Construction is an industry that's been around for thousands of years. This industry persists due to the evolution of technology being integrated into the process.
- Construction science. The world's oldest profession. Now, you know the old joke about the world's oldest profession but I argue they had to have a building to do it in. We really are one of the most incredible industries in the planet earth. From the dawn of time, humanity has sought cover, protection, really, we're in the human comfort industry in construction science. We make people more comfortable, we make their lives better, we make it easy for them to move, we make it easy for them to live.
Construction science, as I define it, is the materials, tools, and methods to build vertical, horizontal, and underground structures and it's an old, old industry. Let's just go through a few projects that I think are notable in the history of construction science and the impact that it had on today and the technology they used at the time. The Pyramids at Giza, delivered to their owner in the year 2560 BC. Now, there were two crews of about 100 thousand very non, non-union workers that built this.
They delivered it way, way under budget. Owner was dying to get in. Anyway, the pyramids. These were incredible structures, delivered in 30 years to tighter tolerances than buildings we build today but what's the most impressive thing to me is that they're still here. Can you imagine the buildings that you're in today, the buildings that you're building today, still being here four thousand 500 years from now? Oh, I think not.
You really can't even imagine the buildings you're in being here 100 years from now or even 50 years from now. We're moving to almost disposable buildings as a society. So they're incredible structures but they were built entirely without technology. Now, by the very nature of this audience, you're watching this video online. You're probably a little more tech savvy, you enjoy being on your computer, you like technology, that means you may watch some sci-fi every once in awhile and you may have actually watched Stargate one too many times and think that the pyramids were built by aliens and were ancient alien landing pads.
I hate to disappoint you but that really wasn't their primary use or intent or method. These were built without computers, without aliens, by some brilliant Egyptian engineers who really understand and understood materials, methods, and tools, and processes of building great structures and they had a lot of labor to do it with. Let's fast forward. Ancient Rome. The Ancient Romans actually had central heating. Now, it's believed that they took it from the Etruscans.
The Romans conquered societies and one of the more interesting things they did when they conquered a society is they would adopt and use its technology. The Etruscans had created this system to heat a house by putting a fire in the basement and then piping the hot air through the walls and floors to heat the tile. Now, we act as if heated tile bathrooms are a big thing now and they're a luxury amenity, but the reality is two thousand years ago, the Romans had it. Again, they did all of this, they did aqueducts, roads, structures that still stand today all without computers or modern technology.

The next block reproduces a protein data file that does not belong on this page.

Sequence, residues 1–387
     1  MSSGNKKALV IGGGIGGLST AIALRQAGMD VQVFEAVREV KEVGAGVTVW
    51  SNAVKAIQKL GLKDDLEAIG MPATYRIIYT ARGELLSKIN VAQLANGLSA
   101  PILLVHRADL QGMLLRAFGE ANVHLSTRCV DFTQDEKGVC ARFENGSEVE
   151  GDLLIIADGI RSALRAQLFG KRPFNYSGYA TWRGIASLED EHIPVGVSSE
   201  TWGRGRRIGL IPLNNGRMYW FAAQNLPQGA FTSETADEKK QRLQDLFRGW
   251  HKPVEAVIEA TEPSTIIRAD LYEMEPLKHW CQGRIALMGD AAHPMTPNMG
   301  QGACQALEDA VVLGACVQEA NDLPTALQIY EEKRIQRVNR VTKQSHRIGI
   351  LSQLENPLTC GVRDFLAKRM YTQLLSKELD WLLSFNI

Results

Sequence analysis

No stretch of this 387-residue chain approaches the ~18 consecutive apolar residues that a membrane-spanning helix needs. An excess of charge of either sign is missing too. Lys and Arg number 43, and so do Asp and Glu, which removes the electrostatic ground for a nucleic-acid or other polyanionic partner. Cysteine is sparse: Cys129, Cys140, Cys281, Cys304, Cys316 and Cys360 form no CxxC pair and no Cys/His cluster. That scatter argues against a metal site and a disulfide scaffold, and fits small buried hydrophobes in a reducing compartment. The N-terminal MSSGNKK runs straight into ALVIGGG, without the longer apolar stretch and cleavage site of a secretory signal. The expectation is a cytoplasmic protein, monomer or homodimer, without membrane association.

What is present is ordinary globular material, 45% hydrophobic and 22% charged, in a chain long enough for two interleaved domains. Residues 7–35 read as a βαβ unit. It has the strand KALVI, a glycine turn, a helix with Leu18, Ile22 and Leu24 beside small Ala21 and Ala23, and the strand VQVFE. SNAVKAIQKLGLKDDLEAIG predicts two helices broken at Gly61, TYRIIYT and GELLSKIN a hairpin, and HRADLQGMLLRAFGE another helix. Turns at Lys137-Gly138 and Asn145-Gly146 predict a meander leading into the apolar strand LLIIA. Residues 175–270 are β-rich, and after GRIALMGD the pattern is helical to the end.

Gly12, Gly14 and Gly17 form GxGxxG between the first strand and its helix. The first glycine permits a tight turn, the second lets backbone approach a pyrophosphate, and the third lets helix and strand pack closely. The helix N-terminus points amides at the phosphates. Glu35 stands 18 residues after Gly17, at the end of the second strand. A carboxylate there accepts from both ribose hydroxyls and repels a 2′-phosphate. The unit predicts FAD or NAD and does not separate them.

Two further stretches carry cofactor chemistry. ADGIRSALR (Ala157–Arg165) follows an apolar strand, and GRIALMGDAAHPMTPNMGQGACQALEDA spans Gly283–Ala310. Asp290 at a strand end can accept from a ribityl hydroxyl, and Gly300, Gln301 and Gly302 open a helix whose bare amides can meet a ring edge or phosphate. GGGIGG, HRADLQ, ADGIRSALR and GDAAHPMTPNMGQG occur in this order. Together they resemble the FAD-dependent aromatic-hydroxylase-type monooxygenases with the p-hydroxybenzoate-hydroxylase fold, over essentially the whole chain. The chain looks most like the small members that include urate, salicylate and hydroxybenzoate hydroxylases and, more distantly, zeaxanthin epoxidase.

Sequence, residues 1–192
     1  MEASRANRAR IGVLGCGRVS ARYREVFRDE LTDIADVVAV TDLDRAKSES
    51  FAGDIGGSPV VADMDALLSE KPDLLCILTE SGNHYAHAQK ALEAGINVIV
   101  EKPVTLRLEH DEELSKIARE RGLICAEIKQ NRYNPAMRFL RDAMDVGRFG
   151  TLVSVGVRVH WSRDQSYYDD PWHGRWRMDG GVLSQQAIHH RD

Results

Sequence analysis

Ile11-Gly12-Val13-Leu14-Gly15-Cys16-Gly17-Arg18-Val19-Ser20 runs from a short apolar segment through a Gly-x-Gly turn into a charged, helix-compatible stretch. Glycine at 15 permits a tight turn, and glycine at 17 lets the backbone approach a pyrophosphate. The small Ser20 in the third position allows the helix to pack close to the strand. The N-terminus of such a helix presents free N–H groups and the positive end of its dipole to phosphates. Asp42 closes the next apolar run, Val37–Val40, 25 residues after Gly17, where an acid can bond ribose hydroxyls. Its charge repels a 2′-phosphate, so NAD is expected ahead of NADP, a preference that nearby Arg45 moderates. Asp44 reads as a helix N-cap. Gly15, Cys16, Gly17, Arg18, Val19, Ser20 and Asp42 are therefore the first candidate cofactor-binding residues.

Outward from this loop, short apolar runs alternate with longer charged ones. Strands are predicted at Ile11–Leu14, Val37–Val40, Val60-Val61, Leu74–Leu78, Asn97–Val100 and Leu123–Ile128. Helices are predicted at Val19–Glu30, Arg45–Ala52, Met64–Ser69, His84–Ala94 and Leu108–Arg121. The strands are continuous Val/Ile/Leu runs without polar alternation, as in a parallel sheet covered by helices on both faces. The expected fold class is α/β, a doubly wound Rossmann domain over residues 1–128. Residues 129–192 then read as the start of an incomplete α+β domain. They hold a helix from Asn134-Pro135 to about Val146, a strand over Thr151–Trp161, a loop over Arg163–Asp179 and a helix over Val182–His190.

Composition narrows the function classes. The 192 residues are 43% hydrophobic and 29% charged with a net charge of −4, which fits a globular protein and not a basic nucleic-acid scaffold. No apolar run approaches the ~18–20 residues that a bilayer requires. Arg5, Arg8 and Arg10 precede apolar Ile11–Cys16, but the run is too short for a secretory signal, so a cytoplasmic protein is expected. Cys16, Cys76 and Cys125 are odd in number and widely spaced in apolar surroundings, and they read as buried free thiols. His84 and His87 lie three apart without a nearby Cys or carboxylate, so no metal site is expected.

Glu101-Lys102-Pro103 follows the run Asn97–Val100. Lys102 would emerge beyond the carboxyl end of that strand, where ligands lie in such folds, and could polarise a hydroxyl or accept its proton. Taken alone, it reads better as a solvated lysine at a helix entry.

Now, they actually used technology but it was a different type of technology, not computing technology. The Great Wall of China. The longest construction project in human history, at 1700 years, it just narrowly edges out of the A project. I mean, this was a long project. The Great Wall was so impressive because they didn't use a single GPS device to build this. Over four thousand miles of main wall, this was an incredible structure.
Fast forward to modern times. The Empire State Building, built in the depths of The Great Depression, 1930. Delivered the architecture plans in two weeks. They say, how will they do that? Well, they actually copied the plans from another building and scaled it up. To this day, the building staff of the Empire State Building sends a Father's Day card to the building staff of the building it was modeled after every year appropriately. The Hoover Dam.
Delivered two years ahead of schedule by a joint venture of three general contractors. A really impressive structure, you can still see today by flying to Las Vegas from Texas, you'll look right over it. Still generates electricity, still does its job, delivered ahead of schedule without a single computer. Now, there are some commonalities to these projects. They were impressive, most of them are still around, we can see them today, they were highly functional, they did not use computers, they also were not very safe.